Friday, 1 January 2016

Cameron's great reforming decade

It’s heartwarming to start 2016 with the stirring words of David Cameron ringing in my ears.

According to his New Year message, Britain is living through “one of the great reforming decades” of our history.

We’ve had great reforming eras before. Attlee’s post-War Labour government launched the National Health Service and put in place a welfare state. In the sixties, we saw Labour back under Harold Wilson and making changes that would revolutionise the way we live: doing away with the death penalty for murder, ending the legal prohibition of homosexuality, massively extending access to education. And then, in 1997, we had a Labour government which, despite the Iraq War tarnish Tony Blair gave it, notched up some remarkable achievements: the human rights act provided Britain with the closest thing to a fundamental law in its history, while the introduction of a minimum wage was matched by outstanding levels of investment in the NHS. The government took millions out of childhood poverty and brought peace to Northern Ireland.

If your preference is for the Tory version of reform, there were the Thatcher years too. We had section 28 to demonise homosexuality again, the deregulation of business that allowed unregulated banks to punish us all for their irresponsibility in the 2008 crash, and the crushing of the unions to give us today’s zero-hour contracts and non-living wages.

So what are the great reforms that Cameron has ushered in? Well, there was gay marriage, and we shouldn’t underestimate that change. On the other hand, the first breakthrough came with the introduction of civil partnerships, under a reforming Labour government, in 2004. In the next year or two, we may have a major decision to take over membership of the European Union, but that will lead either to no change at all, or to a regression to pre-1975 isolationism.

Apart from that, what have we had? Five years, now extending to six, of austerity economics. The effect has been of slowly extending hardship across the least well off in society. Less support for the working poor. Severe cuts to assistance to the ill. An onslaught against the unemployed. And, of course, the slow strangulation of the NHS as hospital after hospital goes into the red.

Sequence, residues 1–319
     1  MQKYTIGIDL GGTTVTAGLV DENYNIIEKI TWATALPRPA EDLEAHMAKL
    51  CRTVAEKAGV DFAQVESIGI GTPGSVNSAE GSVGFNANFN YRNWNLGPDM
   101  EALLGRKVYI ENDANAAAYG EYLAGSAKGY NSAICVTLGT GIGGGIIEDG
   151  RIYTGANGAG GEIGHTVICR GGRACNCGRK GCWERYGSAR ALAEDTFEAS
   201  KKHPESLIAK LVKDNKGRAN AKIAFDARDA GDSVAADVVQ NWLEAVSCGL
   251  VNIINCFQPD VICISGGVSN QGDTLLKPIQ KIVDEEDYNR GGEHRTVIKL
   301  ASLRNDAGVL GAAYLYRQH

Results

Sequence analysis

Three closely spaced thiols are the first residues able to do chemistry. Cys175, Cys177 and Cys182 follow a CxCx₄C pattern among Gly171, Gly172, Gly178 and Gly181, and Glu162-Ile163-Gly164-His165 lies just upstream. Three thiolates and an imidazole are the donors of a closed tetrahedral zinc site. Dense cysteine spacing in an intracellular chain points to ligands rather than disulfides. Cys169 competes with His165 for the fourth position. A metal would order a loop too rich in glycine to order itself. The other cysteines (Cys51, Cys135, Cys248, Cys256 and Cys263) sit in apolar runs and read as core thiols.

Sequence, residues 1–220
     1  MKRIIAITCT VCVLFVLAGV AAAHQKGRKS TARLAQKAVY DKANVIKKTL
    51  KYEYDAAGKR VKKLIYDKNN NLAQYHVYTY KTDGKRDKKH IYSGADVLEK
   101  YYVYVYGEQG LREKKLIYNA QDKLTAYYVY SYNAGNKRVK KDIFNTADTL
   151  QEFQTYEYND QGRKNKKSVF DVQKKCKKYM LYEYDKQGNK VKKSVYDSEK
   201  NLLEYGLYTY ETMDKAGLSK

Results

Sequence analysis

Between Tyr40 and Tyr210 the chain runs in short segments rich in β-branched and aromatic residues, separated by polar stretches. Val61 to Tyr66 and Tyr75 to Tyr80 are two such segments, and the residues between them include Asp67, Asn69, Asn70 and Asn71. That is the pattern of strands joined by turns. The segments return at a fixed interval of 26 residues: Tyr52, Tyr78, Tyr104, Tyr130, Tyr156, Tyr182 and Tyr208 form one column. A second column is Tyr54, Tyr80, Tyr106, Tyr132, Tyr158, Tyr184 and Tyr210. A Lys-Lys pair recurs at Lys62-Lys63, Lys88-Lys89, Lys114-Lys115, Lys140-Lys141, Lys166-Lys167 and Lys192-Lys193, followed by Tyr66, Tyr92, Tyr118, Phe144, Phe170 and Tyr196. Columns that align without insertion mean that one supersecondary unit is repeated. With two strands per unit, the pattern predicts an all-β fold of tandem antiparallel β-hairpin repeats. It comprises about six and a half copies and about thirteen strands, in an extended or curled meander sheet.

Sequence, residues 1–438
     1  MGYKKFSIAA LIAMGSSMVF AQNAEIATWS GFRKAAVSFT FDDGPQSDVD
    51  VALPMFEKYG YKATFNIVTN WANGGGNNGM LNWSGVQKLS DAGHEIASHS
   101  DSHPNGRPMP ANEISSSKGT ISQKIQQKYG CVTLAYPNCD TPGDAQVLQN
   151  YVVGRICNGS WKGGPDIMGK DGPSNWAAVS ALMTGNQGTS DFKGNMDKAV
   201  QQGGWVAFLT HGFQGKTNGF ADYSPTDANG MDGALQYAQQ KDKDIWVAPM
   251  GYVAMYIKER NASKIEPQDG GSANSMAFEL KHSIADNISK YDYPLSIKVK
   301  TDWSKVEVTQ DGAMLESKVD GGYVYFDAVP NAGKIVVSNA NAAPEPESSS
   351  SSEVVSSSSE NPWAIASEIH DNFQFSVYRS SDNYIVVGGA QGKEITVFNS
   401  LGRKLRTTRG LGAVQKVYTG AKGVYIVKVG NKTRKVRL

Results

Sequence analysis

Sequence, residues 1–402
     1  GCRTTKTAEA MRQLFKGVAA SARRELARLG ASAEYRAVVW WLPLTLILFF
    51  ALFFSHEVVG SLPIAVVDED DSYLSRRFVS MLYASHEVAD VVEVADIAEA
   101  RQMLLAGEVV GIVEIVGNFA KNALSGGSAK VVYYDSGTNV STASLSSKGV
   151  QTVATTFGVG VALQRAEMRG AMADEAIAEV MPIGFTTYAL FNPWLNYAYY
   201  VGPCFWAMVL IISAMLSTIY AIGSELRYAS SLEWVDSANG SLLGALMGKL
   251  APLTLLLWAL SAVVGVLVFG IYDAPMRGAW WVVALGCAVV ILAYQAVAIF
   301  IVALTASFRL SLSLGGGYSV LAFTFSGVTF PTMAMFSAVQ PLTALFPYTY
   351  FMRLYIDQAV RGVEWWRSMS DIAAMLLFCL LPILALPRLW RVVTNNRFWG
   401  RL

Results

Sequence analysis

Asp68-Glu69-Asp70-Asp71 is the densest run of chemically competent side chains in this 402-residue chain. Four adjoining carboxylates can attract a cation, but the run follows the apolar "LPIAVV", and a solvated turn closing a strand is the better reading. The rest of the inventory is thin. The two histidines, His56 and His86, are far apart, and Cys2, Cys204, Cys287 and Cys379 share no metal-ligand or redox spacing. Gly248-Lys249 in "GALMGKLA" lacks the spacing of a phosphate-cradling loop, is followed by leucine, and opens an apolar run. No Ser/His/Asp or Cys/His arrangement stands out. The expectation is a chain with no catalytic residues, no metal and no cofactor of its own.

A monument to Cameron's achievement: homelessness growing again
These policies are intended to serve what Cameron presumably views as his big idea: the elimination of the “structural deficit” in government spending (structural deficit is a slightly easier form of deficit to cut than the actual deficit) and the reduction of public debt. However, what he described as the “legacy of debt” Gordon Brown had left to our children in 2010, had grown by well over half as much again by 2015. That’s because progress has been minimal over the deficit – it’s been pain without gain.

Indeed, in October 2015 the deficit reached its highest level since 2009, at the time of the crash.

Not much sign of a major, dramatic turn for the better there then. Nothing to compare with legalising homosexuality or even privatising the railways. Instead all we see is a general greying of society, a growing meanness as those already least comfortable in their lives are made to suffer more, while those imposing the misery retreat into their increasingly valuable houses and shut the door on what’s happening outside.

Perhaps we shouldn’t pay too much attention to Cameron’s notion of a reforming decade. Instead we should focus on the beginning of his messages and the words, “for me, there are no new year’s resolutions, just the resolve to continue delivering what we promised in our manifesto.” That sounds much more like him, doesn’t it? For “no resolutions” read “no ideas, no commitments.” For “continue delivering what we promised” read “we’ll go on with the policies that have failed for the last half decade, and once again miss our objectives.”

A decade of reform? Sounds more like another five years of increasing squalor and low achievement. Rather like the years under Stanley Baldwin's Tory government. If you've never heard of him, or can't think of any of his achievements – well, that would be precisely my point.

Still. Happy New Year. Let’s make it one in which many more people wake up to the fact that they don’t have to put up with this kind of government for ever.

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